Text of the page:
Last Updated on February 10, 2021 by Karl Thompson
Urbanisation refers to the growth of cities, typically involving the movement of populations from rural areas.
The post considers some of the perspectives on urbanisation and development. This topic is relevant to the Global Development option within A-level sociology.
The world is rapidly urbanising
The introduction to the video below provides a nice overview of the process…
Improving the quality of urban life is Sustainable Development Goal number 11.
Modernisation Theory – Urbanisation promotes development
Modernisation Theorists argued that urbanization had an overall positive impact on developing countries. They argued that cities are better environments to promote positive economic and social change compared to the correspondingly ‘backward’ traditional rural (countryside) communities.
How cities can promote development?
- Giving a boost to economic growth – Cities attract Industrial-Capitalists into setting up factories because they give them access to a large pool of labour. The wages paid to factory workers then trickle down to other city services.
- Cities can also play a positive role in cultural social change – They encourage the emergence of a new entrepreneurial middle class who aspire to modern lifestyles
- Cities also weaken the ties of individuals to families in rural areas which challenges and overcomes the traditional values of collectivism and patriarchy.
- Finally, Cities can promote development because it is easier for governments to establish health care and education in areas with dense populations compared to the more dispersed populations found in rural areas.
Dependency Theorists see Urbanisation as primarily benefitting the wealthy.
The last 30 years has seen the emergence of dozens of truly ‘global cities’ – London, Cairo, New York, Tokyo, Shanghai, Rio –globally interconnected via satellite communications and air-transport networks, with exclusive shops, housing and entertainment, but only actually available to the relatively well off – the minority.
Increasing amounts of urban poor work in low-paid service sector jobs, hidden away in sub-standard housing, just about earning a ‘living wage’. Also, an ever increasing amount of developing countries’ economies become oriented to developing infrastructure in the city for the benefit of middle classes, tourists = Olympic and Football stadiums, rather than improving the lives of the majority in the more rural areas.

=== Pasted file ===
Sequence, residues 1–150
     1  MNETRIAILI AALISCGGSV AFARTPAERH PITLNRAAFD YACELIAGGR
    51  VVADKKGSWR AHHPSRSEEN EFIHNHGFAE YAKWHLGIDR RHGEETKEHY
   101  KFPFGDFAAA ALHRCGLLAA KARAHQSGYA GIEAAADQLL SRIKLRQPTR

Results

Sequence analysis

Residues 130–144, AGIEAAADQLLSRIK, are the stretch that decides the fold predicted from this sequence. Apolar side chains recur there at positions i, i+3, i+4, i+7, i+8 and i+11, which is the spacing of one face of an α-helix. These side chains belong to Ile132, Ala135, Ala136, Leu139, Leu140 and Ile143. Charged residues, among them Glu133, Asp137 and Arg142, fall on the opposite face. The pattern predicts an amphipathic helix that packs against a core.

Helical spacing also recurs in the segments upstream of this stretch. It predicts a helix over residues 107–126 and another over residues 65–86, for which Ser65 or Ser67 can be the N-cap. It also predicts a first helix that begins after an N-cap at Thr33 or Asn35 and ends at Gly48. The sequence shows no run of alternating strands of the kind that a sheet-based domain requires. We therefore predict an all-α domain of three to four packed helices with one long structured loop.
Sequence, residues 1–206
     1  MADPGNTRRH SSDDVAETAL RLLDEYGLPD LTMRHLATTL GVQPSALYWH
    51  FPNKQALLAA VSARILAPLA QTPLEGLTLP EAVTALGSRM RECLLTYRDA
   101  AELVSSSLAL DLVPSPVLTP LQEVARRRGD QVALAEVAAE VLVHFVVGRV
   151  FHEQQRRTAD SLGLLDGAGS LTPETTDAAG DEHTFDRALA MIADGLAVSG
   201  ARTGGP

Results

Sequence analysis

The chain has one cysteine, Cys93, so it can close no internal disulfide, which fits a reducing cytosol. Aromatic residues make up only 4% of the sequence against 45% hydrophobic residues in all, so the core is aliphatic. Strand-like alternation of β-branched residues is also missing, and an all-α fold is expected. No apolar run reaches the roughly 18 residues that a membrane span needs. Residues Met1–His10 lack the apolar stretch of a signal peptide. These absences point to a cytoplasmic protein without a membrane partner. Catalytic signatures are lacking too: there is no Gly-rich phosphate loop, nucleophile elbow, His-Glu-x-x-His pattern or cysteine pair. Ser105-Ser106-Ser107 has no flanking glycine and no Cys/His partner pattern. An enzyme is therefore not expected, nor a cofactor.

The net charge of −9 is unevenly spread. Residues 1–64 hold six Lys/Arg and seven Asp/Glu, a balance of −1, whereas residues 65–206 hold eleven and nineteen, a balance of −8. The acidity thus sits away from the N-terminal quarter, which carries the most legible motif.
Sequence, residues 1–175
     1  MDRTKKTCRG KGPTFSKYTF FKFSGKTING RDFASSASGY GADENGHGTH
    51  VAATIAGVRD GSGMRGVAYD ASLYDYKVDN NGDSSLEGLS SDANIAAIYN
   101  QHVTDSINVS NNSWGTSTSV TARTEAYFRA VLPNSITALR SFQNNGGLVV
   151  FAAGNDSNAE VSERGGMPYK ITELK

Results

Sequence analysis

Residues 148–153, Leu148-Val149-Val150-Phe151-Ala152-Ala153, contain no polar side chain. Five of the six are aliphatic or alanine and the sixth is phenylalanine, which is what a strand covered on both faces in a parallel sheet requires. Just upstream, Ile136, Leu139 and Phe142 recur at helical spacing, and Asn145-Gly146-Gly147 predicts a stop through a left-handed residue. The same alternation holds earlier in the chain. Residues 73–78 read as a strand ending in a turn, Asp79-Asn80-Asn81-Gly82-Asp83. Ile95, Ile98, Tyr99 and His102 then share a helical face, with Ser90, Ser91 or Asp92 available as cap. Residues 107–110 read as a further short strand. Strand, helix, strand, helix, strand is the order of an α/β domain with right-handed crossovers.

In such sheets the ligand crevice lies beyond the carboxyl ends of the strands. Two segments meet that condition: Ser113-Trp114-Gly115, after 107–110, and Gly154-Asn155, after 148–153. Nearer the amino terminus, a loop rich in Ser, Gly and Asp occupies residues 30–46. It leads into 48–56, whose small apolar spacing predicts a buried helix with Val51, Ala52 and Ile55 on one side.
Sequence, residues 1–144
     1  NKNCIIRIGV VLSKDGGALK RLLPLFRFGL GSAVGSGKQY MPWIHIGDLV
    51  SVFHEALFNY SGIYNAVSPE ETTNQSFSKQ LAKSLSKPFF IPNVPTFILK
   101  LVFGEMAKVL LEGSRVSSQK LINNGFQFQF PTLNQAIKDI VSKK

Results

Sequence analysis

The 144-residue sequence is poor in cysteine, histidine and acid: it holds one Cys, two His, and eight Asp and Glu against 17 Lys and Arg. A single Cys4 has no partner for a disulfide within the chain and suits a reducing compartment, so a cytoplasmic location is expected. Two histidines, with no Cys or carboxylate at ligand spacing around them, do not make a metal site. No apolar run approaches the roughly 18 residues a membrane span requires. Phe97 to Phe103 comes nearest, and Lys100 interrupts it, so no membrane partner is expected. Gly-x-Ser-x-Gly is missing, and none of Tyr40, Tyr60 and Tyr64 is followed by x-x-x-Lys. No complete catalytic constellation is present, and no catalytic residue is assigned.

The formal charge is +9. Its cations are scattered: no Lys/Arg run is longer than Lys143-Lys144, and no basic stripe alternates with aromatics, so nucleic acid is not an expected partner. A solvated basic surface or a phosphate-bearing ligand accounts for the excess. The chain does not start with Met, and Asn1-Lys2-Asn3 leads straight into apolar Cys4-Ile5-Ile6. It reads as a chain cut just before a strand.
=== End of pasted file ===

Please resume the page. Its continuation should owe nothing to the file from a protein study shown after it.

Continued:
Dependency Theorists also point out the Modernisation idea of Industrialisation leading to Urbanisation and development is a myth. What actually happens with Urbanisation is that there are too few jobs available for people who flood to new urban centres and huge amounts of unemployed people in slums come to form an urban underclass – which is actually beneficial to TNCs as this enables them to keep the wages of the unemployed low. Marxists like to think that this concentration of masses of disempowered people may have the potential for revolution. Dependency theorists point out that this is unlikely, however, as a lot of state power in the developing world is oriented towards suppressing this potential for revolution.
Problems associated with rapid Urbanisation
There are several problems associated with rapid urbanisation as infrastructure development cannot keep pace with the influx of people. Some of the problems are explored in the video below.
There is also an issue with covid-19: the overcrowding and lack of infrastructure (for hand washing for example) also make it more difficult to combat the spread of Pandemics, such as Covid-19, in slums.
There are also positives of ‘slum living’
Some ‘slums’ involve local people innovating to ensure their areas are liveable in….
This is a brief ‘starter’ post on Urbanisation, many updates to follow!